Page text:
- When it comes to autoflowering strains, aspects like when and where to start the seeds, the duration of the vegetative period, why the strains flower and when to harvest them need to be taken into consideration.
- Autoflowering cannabis strains have the advantage of being faster that feminised strains and the disadvantage that they don’t depend on light intervals, meaning that outdoor conditions need to be as favourable as possible for the buds to develop properly.
- We give you the lowdown on how to grow autoflowering plants for a truly successful crop.
Autoflowering, auto, automatic, you name it. And yet all these designations refer to the same cannabis seed type, i.e. strains that do not depend on light intervals and thus grow and flower when they reach maturity, regardless of the photoperiod.
We get lots of comments and questions about growing autoflowering seeds via our social media channels, mainly from growers who wonder things like "when should I harvest," "why is the plant flowering if I started the seed just one month ago" or "shouldn't it be bigger before it starts producing flowers? In this post, we've put together some of your main concerns regarding autos and we'll look at them one by one. And if you've got any more questions, you can leave a comment below.
What are autoflowering cannabis seeds?
Autoflowering cannabis seeds are strains whose life cycle duration is pre-defined. Unlike feminised strains, they start to flower when they reach maturity and not upon a photoperiod change, meaning that they invariably flower 25-30 days after germinating the seeds. This makes them very fast, with complete life cycles of about 55-65 days. The possibility to harvest the buds in such a short period of time is definitely an advantage for those who seek speed, but there are also a couple of downsides.
If you want your crop to be generous, there are two aspects you should consider. One: Providing the plant with as much light as possible during the first 30 days of life -vegetative period - so as to encourage growth. Many of you tell us your plants start to flower when they're still too small. Why is that so? Most of the times it is simply because the plant has been grown outdoors and the weather was not good enough. If you start an auto, let's say on the balcony at the beginning of summer, but sunlight is absent and temperatures are cool, the plant won't be able to grow because cannabis thrives in temperate, sunny conditions.
Two: Avoiding pests by all means. If the plant gets infested, there's virtually no time to turn things around before flowering, so you really need to pay close attention to the health of your autos. Let's take an example. If leaf miners infect your plant 20 days after germination, you'll only have a few days left to apply a fumigation treatment, as once the plant starts to flower, whatever you spray will contaminate the buds - and you don't want to consume those flowers.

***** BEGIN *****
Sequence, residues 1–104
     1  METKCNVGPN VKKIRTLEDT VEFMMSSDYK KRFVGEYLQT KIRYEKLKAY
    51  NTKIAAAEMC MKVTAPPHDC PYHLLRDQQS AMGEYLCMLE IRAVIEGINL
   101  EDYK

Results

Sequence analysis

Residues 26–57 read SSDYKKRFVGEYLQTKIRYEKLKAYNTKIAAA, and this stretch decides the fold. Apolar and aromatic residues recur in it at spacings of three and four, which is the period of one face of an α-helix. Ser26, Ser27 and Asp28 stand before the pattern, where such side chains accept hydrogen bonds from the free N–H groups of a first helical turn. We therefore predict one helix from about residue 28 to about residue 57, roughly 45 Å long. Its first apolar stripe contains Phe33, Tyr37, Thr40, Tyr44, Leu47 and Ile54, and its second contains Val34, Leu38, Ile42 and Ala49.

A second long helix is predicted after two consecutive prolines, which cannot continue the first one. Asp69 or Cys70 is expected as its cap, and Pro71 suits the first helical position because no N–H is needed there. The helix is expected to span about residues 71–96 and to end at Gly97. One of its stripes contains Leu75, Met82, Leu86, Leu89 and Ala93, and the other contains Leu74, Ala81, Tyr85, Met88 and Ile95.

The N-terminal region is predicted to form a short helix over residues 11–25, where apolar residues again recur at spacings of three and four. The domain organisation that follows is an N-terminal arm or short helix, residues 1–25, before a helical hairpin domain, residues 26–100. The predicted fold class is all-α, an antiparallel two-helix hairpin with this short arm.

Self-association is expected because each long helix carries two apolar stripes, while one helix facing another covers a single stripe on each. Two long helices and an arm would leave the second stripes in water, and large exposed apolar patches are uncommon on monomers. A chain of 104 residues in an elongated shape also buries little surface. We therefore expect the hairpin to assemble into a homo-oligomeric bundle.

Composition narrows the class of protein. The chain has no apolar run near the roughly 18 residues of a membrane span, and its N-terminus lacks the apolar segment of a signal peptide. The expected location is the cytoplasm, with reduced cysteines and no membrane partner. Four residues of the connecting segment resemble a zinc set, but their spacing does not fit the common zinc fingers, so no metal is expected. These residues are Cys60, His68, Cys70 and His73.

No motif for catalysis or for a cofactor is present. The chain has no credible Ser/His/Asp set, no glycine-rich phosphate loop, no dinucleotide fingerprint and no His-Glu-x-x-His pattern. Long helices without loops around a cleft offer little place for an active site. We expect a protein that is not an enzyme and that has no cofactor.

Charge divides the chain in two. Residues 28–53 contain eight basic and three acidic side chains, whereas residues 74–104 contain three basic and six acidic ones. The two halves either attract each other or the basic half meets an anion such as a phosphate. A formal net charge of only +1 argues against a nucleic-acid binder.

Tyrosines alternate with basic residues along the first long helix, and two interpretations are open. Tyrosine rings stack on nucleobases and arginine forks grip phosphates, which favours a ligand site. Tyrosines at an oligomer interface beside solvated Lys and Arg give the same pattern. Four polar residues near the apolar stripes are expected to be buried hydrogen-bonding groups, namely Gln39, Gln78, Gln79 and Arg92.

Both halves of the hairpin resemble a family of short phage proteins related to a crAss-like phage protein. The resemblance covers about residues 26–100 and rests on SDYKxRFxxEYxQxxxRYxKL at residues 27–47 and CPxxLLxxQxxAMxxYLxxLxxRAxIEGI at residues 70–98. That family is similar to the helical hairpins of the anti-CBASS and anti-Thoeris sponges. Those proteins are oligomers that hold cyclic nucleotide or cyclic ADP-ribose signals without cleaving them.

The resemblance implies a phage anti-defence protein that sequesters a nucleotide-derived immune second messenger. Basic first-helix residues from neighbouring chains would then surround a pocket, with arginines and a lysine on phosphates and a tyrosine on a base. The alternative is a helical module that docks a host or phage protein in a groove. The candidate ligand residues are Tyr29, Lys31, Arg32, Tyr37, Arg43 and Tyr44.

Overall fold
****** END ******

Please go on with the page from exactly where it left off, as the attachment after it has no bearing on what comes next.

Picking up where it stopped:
What is the origin of autoflowering cannabis seeds?
Autoflowering seeds are cannabis species that contain ruderalis genes as part of their genetic makeup. Ruderalis strains are native to areas like southern Siberia, northern Kazakhstan and Russia, which are characterised by extreme weather conditions, meaning that ruderalis strains are used to fighting for survival in climates which are unfavourable for plant development. Hence their speed: if they weren't fast, they wouldn't survive.
Strong and hardy, they are also very easy to grow, requiring very little maintenance and growing fast and vigorously. Again, their aim is to flower as soon as possible because they know the risk of dying is high. But since their genetic makeup was forged in extremely hostile environments, they know how to deal with adversity.
When to start autoflowering cannabis seeds
This question, of course, comes from outdoor growers, but to give you an idea of how important light is for autoflowering strains, you should know that, as a rule, indoor-grown autos receive 20 hours of light per day under the lamps - the amount of light exposure necessary to artificially create the optimum conditions for the development of autoflowering plants can be used as a reference for outdoor-grown plants. In any case, it all comes down to one very simple principle: the more light, the better. So going back to the question of when to start the seeds, a general rule of thumb is trying to make the vegetative period coincide with the sunniest time of year, which will depend on aspects like the weather and latitude of the region you live in.
When to harvest autoflowering cannabis seeds
Seed banks usually include the duration of the plant's life cycle on the labelling, so when you start your seeds, you will already have an approximate idea of when to cut the buds off. However, if you want to nail the timing, there's nothing like observing the colour of the trichomes - the buds will be ready to harvest when they are well formed and the trichomes start to take on brownish hues.